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Perhaps the first thing that comes to mind when you hear the word temperance is the preaching of Billy Sunday or some other pro-Prohibition preacher in the early part of the twentieth century. One thing that can be learned from that chapter in church history is that often by the time an idea becomes a movement or a campaign, something vital has already been lost. In the case of the temperance movement, a good and biblical virtue had become associated with a political agenda that was disconnected from the gospel of Jesus Christ.

The English word temperance has to do with self-control and moderation. The Bible has much to say about self-control. We learn, for example, that “a man without self-control is like a city broken into and left without walls” (Prov. 25:28). Thus, to be without self-control is to be spiritually vulnerable and defenseless. All kinds and categories of Christians are exhorted to cultivate self-control (Titus 2:2–6). Self-control is an aspect of the propriety required of Christian women in the church (1 Tim. 2:9–10). It is especially to be exemplified by those men called to serve in ordained office as ministers and elders (1 Tim. 3:2; Titus 1:8). Self-control is one of the qualities that distinguishes Christians as those living in this world yet whose hope is ultimately anchored in the life of the world to come (Titus 2:12; 1 Peter 4:7).

To be without self-control is to be spiritually vulnerable and defenseless.

But what exactly is biblical self-control? And how do we cultivate it in our hearts and practice it in our lives? We need to begin by confessing that self-control is not something that we naturally possess or that we can produce in ourselves. The problem for all of us by nature is that we are governed by sin. We do not have control over our natural passions and desires. Apart from the grace of God in Jesus Christ, we are all slaves to sin and “free” in regard to righteousness (Rom. 6:20). Yet even in our union with Christ, we continue to struggle against the remaining corruption that is in us through indwelling sin, or what Paul calls “my flesh” (Rom. 7:15–25). But the fact that we struggle can be explained only by the supernatural work of the Spirit, who produces in us new desires and new passions that are at war with the impulses and inclinations of our sinful flesh. The good news for all who are in Jesus, by grace and through faith, is that the same power that raised Jesus up from the dead is at work in us to raise us up to a new life of holiness and godly self-control in Him (Eph. 1:17–20).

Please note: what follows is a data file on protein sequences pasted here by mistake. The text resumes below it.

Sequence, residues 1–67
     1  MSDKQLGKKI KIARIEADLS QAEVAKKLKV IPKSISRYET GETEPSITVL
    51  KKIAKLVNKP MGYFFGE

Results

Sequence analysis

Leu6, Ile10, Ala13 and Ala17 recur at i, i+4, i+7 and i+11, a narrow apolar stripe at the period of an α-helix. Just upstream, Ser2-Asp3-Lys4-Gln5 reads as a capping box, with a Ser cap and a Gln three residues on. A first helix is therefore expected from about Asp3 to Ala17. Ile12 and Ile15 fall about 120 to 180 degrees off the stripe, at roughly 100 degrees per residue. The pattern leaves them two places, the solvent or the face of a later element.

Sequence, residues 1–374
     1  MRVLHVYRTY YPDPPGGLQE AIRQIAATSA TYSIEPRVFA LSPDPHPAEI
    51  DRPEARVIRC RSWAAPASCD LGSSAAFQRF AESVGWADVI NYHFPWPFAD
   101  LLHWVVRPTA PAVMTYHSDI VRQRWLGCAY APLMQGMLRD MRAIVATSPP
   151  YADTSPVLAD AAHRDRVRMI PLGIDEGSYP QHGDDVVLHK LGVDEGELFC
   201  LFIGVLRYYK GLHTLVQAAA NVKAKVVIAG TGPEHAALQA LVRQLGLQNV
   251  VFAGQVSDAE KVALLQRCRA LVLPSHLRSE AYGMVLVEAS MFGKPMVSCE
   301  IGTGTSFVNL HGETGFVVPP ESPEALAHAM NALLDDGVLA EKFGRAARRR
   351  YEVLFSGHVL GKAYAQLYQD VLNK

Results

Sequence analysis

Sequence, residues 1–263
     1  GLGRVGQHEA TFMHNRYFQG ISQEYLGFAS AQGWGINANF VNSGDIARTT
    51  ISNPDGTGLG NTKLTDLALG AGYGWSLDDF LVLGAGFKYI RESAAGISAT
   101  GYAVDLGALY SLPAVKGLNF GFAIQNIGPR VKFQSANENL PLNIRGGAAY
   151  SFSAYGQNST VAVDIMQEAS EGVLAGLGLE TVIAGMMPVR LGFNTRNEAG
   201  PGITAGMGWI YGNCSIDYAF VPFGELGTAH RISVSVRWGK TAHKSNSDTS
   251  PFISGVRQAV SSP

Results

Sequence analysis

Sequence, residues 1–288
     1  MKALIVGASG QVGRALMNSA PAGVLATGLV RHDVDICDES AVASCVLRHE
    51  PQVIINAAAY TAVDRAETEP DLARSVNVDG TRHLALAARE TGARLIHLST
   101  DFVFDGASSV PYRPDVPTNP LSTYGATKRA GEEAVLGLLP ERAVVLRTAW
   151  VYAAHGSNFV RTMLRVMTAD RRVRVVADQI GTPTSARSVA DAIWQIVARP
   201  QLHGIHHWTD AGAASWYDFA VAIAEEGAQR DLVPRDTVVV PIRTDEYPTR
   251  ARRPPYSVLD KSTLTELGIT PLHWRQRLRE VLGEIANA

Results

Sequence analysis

This is what Paul emphasizes in the book of Galatians. As Christians, we have been set free from the bondage of sin, which enslaved us and dominated our lives. We are no longer under sin’s power, penalty, or curse. What that means is that we have been given liberty in Christ to “walk by the Spirit” (Gal. 5:16). We still wrestle with the flesh, but we are not under the control of the flesh (Gal. 5:17–18). The Spirit within us enables us to long for and pursue spiritual things, whereas before we desired only the things of the flesh, the things that characterize fallen human nature in rebellion against God: “adultery, fornication, uncleanness, lewdness, idolatry, sorcery, hatred, contentions, jealousies, outbursts of wrath, selfish ambitions, dissensions, heresies, envy, murders, drunkenness, revelries, and the like” (Gal. 5:19–21). “But,” Paul goes on to say, “the fruit of the Spirit is love, joy, peace, patience, kindness, goodness, faithfulness, gentleness, self-control” (Gal. 5:22–23).

Self-control is a fruit of the Spirit. It is the gracious work of Christ in our hearts to produce in us what we could never bring forth in ourselves. It is the Holy Spirit’s ministry of impressing on us and in us the very character of Christ, whose entire life was marked by a desire to do the will of His heavenly Father (John 5:30). Self-control is the fruit of living in union with Christ. If you are in Christ, you have been blessed with “every spiritual blessing” in Him (Eph. 1:3). Confess your own lack of self-control to God through Christ. Rest on Christ alone for all that He purchased for you by His death on the cross. And pray that Christ would make His kingdom visible in this world as He reigns in you by grace and through faith.



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From the October 2022 Issue
Oct 2022 Issue